By Jon Weisman
Kiké Hernández’s father, you might have heard by now, is battling cancer. For Hernandez to hit a home run, on Father’s Day, is pretty much all the story anyone would need on this day.
The fact that Hernández’s home run, the first of his career as a pinch-hitter, stopped a shutout and tied the game for the Dodgers in the bottom off the eighth inning, well, that’s just a gift for the rest of us.
“I don’t think I have any words to describe it,” Hernández told AM 570’s David Vassegh after the game. “I still have a little bit of goose bumps from it, and it was a little bit hard not to cry running the bases. I woke up this morning, and I was thinking about the same thing: I probably won’t start, but if I get a pinch-hit at-bat, it’s kind of like a movie. … I’m sure my dad loves every bit of it.”
Hernández’s homer set the stage for another pinch-hit RBI, Yasmani Grandal’s bases-loaded walk in the bottom of the ninth, to give the Dodgers a 2-1 victory over Milwaukee.
Adrian Gonzalez and Trayce Thompson began the final half-inning with singles, and one out later, Howie Kendrick walked. Grandal came up to bat for A.J. Ellis, and went to a full count before a no-doubt ball four outside from Tyler Thornburg.
Kenley Jansen was the winning pitcher, but Kenta Maeda deserved a reverse save.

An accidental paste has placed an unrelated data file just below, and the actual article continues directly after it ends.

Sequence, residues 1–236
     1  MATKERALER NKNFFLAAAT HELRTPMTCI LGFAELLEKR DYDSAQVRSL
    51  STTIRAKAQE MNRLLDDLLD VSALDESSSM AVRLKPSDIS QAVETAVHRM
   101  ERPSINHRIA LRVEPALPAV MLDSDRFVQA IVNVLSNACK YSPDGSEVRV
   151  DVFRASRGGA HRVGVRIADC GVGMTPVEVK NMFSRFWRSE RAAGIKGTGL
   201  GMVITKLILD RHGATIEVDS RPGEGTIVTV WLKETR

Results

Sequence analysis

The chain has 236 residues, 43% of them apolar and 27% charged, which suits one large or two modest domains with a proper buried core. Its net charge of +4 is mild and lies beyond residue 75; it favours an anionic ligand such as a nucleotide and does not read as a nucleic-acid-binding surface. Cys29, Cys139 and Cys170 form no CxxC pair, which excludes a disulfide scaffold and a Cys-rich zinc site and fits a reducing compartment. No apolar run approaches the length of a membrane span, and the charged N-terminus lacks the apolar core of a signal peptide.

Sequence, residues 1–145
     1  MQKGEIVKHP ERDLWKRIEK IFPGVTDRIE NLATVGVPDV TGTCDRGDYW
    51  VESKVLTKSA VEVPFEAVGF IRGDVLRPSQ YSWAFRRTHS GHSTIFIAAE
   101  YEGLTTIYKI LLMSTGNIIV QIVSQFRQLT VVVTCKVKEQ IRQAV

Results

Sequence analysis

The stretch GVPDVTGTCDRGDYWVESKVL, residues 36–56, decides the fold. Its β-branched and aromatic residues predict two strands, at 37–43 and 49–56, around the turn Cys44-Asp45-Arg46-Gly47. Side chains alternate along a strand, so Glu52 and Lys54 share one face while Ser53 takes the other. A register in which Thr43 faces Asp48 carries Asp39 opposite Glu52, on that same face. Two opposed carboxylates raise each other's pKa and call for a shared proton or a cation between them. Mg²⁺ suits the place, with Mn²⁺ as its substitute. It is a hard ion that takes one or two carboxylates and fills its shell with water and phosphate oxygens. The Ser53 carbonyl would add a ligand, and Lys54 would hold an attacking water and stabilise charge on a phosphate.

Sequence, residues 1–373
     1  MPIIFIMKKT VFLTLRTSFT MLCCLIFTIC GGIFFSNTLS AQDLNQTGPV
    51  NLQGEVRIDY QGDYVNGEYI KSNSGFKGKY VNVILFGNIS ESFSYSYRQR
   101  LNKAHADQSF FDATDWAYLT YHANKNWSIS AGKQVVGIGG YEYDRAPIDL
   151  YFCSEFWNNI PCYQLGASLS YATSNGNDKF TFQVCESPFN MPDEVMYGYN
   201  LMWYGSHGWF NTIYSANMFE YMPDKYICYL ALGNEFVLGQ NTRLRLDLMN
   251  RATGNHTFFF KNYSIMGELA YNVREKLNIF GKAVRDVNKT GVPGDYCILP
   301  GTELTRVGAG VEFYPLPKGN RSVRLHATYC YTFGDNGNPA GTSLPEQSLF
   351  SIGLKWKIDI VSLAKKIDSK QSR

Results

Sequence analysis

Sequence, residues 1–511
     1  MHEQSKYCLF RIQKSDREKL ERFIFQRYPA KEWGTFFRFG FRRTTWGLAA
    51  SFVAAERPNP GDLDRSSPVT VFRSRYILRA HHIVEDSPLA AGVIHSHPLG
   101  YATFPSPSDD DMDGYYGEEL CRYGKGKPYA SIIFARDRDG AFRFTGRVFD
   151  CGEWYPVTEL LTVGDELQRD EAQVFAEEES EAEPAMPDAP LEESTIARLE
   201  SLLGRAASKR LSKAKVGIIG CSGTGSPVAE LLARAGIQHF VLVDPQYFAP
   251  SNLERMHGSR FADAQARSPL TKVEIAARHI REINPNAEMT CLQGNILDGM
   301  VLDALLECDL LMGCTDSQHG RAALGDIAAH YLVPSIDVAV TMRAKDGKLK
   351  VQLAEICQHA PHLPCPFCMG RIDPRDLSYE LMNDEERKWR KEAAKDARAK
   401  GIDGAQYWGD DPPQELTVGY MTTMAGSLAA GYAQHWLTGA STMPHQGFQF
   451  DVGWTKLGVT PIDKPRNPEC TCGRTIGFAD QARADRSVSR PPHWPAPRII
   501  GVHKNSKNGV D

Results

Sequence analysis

Maeda gave up a home run to the second batter he faced, Scooter Gennett, and needed 67 pitches to complete his first three innings. But he used only 31 over the next three, and finished with a plus outing: 6 1/3 innings, six hits, one run, three walks and eight strikeouts.
Over his past five starts, Maeda has a 1.52 ERA with 31 strikeouts in 29 2/3 innings. He has averaged nearly six innings per start despite being knocked out of his previous appearance by a line drive Tuesday at Arizona.
The leg that was blasted by Paul Goldschmidt’s shot up the middle seemed to be the least of Maeda’s problems. After reaching base on an error in the third inning, Maeda went to second on a Corey Seager single and sped right along toward third base — where, unfortunately for the Dodgers, he was thrown out.
That, combined with Chase Utley’s out at home plate on a short fly ball by Adrian Gonzalez in the first inning, contrived to end the Dodgers’ two best scoring opportunities against Brewers starter Matt Garza, who pitched six shutout innings.
Pedro Baez got five outs on 12 pitches to keep the Dodgers close, before Jansen pitched a perfect ninth on six pitches.
The Dodgers were a living, breathing rally cap in this four-game series against Milwaukee. Even in the series opener Thursday that they lost, they twice rallied from three-run deficits. Friday, Justin Turner’s eighth-inning homer tied the game before his 10th-inning walkoff single won it. Saturday, they bounced back from down 5-2 to win, 10-6. Today, the Dodgers eliminated their fifth deficit in four games when Hernández hit the first homer Milwaukee reliever Will Smith has allowed this year.
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“He came right in at me with a fastball, and I was looking for a heater,” Hernández told Vassegh. “He came in on me, and I put a good swing on it.”
To be clear, the following information does not represent the Dodgers’ goal. But for the record, they are now in wild-card position, having moved ahead of the Mets, Cardinals and Pirates to draw within .001 of the other wild-card team, Miami.